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How many of the following scenarios can you relate to?
Did you raise your hand for any of those situations? Maybe you pulled a first-year-Hermione and waved it in the air a bit? Yeah...me too.
Congratulations, you're married with kids.
When people are dating, they think all the crazy, dimwitted, moronic habits of their newly-acquired partner are absolutely adorable.
Isn't it cute that he can't remember to turn off lights or shut drawers? He's just so intelligent he can't keep his mind on the mundane day-to-day stuff!
I love the way he's so rugged! His beard is soooo hot!
The psychological term for this stage of a relationship is "limerence". It's that early phase of a romantic relationship where you think your partner walks on water. Otherwise known as "the honeymoon period", "crushing on each other", or "disgusting to watch" (for those of us who have to stand behind you in line at an amusement park), this phase involves a crazy amount of admiration (even for the dumb stuff no one should ever admire) as well as a truly unproductive level of sexual attraction.
Unfortunately, like the energy of a toddler or the metabolism of a teenager, good things never last.
So you married someone who was so lofty and intellectual that they shunned the banalities of human existence, but now you're stuck with someone who just can't seem to put his shoes away to save his soul. You married a sexy, bearded wildman, but now you're trapped next to someone who could really just please wear a little more deodorant, thanks.
I'm not sure if this will help or hurt, but it's likely your spouse didn't change. Neither did you. The lovely "limerence" period in which your partner can do nothing wrong lasts an average of 2 years.
Ironically, this is the amount of time it usually takes people to go from dating to married, so just as you tie the knot, your magical romance blinders fall away to reveal the people both of you actually were all along.
Spoiler Alert: At the end of this post, I'm going to give you a free printable marriage game that will help bring back that feeling of love, admiration, and fondness you used to have two kids, a half a decade, and approximately 8,451 diaper changes ago.
This means that, once the magical honeymoon period ends, you actually have to put in work to get the same amount of "warm fuzzy" feelings you got automatically when you first started dating.
Now, before you start ranting and raving about how marriage is a trick, let me point out that this is actually not an unprecedented phenomenon.
Think about when you first start working out to lose weight. The first few weeks or months the pounds just seem to fly off. Your exercises are still fun, you can't get enough of your new diet (because, hey, it's working finally), and you're happy as a clam. Then, slowly but surely, as time progresses it becomes harder and harder to make the same change in the scale. Your classes start to feel dull and boring. And you would literally murder someone for a single french fry.
This doesn't mean that you should go back to binge-watching Netflix with your quivering snout buried eyeball deep in a bag of Doritos, it just means you need to double down on your effort, make some smart decisions about how to progress from here, and switch from a "sprint" mentality to a "what's sustainable in the long term" mentality.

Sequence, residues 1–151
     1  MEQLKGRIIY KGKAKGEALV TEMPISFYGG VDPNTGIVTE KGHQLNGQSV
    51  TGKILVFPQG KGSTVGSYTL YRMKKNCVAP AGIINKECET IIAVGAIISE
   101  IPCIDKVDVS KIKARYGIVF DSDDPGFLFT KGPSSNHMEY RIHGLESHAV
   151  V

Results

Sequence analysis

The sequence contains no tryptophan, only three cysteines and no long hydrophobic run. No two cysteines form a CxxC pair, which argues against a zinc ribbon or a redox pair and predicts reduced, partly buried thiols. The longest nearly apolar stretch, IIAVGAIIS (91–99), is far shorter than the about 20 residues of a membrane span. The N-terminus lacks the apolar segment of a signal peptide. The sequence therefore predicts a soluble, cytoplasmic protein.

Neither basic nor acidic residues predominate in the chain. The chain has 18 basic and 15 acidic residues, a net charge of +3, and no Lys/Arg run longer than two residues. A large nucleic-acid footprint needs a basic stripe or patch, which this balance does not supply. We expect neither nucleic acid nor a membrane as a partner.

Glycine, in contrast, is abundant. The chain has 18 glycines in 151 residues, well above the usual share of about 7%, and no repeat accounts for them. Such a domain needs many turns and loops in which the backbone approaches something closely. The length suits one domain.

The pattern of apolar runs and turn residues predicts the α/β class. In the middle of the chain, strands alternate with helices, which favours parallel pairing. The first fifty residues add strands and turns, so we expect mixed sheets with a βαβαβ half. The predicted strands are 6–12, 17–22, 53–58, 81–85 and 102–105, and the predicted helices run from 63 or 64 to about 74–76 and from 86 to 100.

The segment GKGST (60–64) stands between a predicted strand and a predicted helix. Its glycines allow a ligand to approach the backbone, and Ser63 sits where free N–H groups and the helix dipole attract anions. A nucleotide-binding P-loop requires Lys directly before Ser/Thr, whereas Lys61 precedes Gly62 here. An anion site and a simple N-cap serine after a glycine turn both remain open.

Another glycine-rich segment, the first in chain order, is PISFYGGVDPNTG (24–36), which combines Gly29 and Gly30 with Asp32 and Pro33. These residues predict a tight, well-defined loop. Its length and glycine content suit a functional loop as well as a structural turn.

It's the exact same process with marriage.
Just like your physical muscles have to be built slowly by repeated use, your "romance" muscles have to be built slowly by repeated use.
(Please don't make that dirty, guys. I'm trying to be uplifting here.)
Okay, you know what? Let's call it building up our "emotional bank account" balance. Good luck making that dirty and it's actually another concept from the Gottman method.
Think of those feelings of fondness, admiration, love, and respect for your partner as commodities. Commodities can be either added or subtracted from the value of your marriage's emotional bank account.
When good things happen (i.e. you go on a fantastic date, your partner complements how well you handle a toddler tantrum and praises your parenting skills, he walks in on you with 249% bedhead and calls you beautiful anyway, etc.) they add to your marriage's emotional bank account.
When bad things happen (i.e. you go for days without seeing your spouse due to work schedules, you have to deal with a strenuous situation with the teenager and both get cast as the bad cop, you are forced to share a bathroom with another adult human who discovers you have *gasp* bodily functions, etc.) it subtracts from your marriage's emotional bank account.
This is the basic structure for your level of happiness in your marriage.
When there's a healthy balance in your account, you both feel relatively good, secure, and taken care of in your marriage. When you get low or even negative balances in your account, you begin to fight, develop resentment, and feel generally unhappy in your marriage.
The initial honeymoon phase gives you a crazy, unsustainable starting balance in your emotional bank account. It's like an 18 year old happening to win the lottery on their first day of a new job. They don't really need to think about their cash flow for a while, because they have so much money to spare it doesn't really matter if they put in overtime or not.
Then, slowly but surely, the initial boost begins to dwindle and you start to see what "real life" marriage is going to be like.
That's when the "marriage is hard work" thing everyone told you about starts to make a lot more sense.